Tucker Carlson’s Great Replacement Theory Is Spectacularly Wrong
May 27, 2022 | Tags: Government spending, immigration, REASON, Welfare
"I know that the left and all the little gatekeepers on Twitter become literally hysterical if you use the term replacement, if you suggest that the Democratic Party is trying to replace the current electorate, the voters now casting ballots, with new people, more obedient voters from the Third World. But they become hysterical because that's what's happening, actually. Let's just say it: That's true. Look, if this was happening in your house—if you were in sixth grade, for example, and without telling you, your parents adopted a bunch of new siblings and gave them brand-new bikes and let them stay up later and helped them with their homework and gave them twice the allowance they gave you, you would say to your siblings, 'I think we're being replaced by kids that our parents love more.' It would be hard to argue against you."
That's Tucker Carlson's summary of "the great replacement theory," a trendy conspiracy theory that was echoed in the Buffalo shooter's manifesto and in ongoing comments from Republican members of Congress such as Florida's Matt Gaetz (here and here) and New York's Elise Stefanik, who has run campaign ads accusing the Democrats of "planning…a PERMANENT ELECTION INSURRECTION" by granting "amnesty to 11 MILLION illegal immigrants [who] will overthrow our current electorate and create a permanent liberal majority in Washington."
The great replacement theory is spectacularly wrong in asserting that the government is going to create millions of new citizens overnight. And it's wrong too, that in the unlikely event that happened, they will be "obedient" in voting for Democrats.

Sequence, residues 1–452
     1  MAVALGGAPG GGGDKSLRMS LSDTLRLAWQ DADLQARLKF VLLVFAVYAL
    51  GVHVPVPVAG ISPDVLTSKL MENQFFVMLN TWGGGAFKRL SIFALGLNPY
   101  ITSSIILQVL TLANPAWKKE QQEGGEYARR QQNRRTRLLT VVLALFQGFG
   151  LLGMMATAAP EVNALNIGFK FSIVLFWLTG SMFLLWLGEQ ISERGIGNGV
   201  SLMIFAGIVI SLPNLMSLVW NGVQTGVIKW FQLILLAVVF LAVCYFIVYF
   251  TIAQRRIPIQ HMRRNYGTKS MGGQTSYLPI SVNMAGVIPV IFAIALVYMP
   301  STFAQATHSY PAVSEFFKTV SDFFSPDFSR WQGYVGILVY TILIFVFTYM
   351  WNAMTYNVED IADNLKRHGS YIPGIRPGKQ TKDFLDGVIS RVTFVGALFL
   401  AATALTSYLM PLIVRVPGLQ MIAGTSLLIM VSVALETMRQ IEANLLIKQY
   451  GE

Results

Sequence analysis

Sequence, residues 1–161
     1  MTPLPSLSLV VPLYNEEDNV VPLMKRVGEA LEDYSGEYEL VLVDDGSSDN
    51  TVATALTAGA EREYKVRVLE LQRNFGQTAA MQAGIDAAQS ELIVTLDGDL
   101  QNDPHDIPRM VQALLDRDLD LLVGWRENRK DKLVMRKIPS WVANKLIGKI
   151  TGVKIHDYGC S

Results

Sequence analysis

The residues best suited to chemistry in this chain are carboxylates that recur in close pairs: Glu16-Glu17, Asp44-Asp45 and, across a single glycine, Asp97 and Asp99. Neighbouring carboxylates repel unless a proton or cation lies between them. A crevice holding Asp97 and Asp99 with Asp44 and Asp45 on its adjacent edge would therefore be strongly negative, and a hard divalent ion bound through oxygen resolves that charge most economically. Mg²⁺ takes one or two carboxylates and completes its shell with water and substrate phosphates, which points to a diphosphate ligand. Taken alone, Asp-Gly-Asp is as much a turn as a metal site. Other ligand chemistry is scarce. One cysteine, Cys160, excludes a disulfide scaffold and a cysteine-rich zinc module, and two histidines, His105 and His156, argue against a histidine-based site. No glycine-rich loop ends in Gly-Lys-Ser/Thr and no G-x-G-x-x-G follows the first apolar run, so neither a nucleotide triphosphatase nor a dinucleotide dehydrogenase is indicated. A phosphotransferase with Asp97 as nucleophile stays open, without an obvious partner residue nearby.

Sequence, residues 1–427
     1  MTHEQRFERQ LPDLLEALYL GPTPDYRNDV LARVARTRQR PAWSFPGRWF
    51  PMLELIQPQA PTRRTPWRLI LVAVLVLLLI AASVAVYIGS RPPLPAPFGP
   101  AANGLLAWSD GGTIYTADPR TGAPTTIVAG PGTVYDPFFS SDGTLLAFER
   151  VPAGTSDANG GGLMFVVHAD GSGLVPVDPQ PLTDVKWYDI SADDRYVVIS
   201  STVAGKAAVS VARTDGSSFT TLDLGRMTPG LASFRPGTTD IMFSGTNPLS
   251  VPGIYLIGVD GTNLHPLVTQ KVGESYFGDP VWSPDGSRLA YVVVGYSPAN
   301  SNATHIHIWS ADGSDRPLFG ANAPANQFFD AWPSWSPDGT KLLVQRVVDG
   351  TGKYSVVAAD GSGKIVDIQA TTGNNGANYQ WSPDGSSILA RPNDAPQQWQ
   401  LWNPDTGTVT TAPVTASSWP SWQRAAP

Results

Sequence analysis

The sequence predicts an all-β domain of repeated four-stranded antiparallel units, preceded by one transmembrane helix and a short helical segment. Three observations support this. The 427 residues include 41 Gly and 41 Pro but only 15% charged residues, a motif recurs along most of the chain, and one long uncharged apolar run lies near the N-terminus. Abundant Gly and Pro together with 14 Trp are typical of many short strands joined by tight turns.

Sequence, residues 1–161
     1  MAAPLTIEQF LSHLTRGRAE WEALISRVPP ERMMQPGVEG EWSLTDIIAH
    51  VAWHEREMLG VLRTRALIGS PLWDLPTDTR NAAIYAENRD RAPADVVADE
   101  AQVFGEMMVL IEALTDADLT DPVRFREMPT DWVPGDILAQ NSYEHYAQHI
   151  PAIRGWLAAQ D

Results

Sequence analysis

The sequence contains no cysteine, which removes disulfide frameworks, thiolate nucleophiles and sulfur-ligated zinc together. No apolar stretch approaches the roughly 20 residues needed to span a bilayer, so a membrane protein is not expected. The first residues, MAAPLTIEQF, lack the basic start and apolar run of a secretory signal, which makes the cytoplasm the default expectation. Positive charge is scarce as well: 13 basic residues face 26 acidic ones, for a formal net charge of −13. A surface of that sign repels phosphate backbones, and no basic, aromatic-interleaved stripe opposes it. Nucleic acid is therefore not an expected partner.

Tucker and his pals are also really worried about the government giving all sorts of new and better stuff to immigrants—brand-new bikes! twice the allowance!—but he's got it backward. Immigrants consume fewer welfare benefits than native-born Americans (about 39 percent less in average cash value). And when the U.S. has had a relatively open-door policy, government spending grew less quickly than in periods when immigration has been restricted.
The last truly major immigration law was passed in 1986 when Ronald Reagan signed bipartisan legislation that ultimately allowed 2.7 million illegal immigrants—mostly from Mexico—to gain citizenship. Since then, reform in Washington has proven elusive. Indeed, like George W. Bush's attempt in the mid-2000s, Joe Biden's stated desire to provide a path to citizenship for 11 million illegals has gone exactly nowhere, partly because he has maintained and even expanded some of Donald Trump's most-draconian policies.
But even if those immigrants somehow became citizens overnight, would they automatically vote for Democrats and produce what Rep. Stefanik calls a "permanent liberal majority in Washington"?
Consider this: Within a few years of Reagan's amnesty program, the GOP took control of the House for the first time in 40 years and held it from 1995 until 2007; they basically did the same with the Senate. After losing majorities in the Obama landslide, they've managed back majorities as well. So over the past 40 years—a time of high immigration—the Republican party has somehow managed to secure more congressional power than they did during the previous 40 years.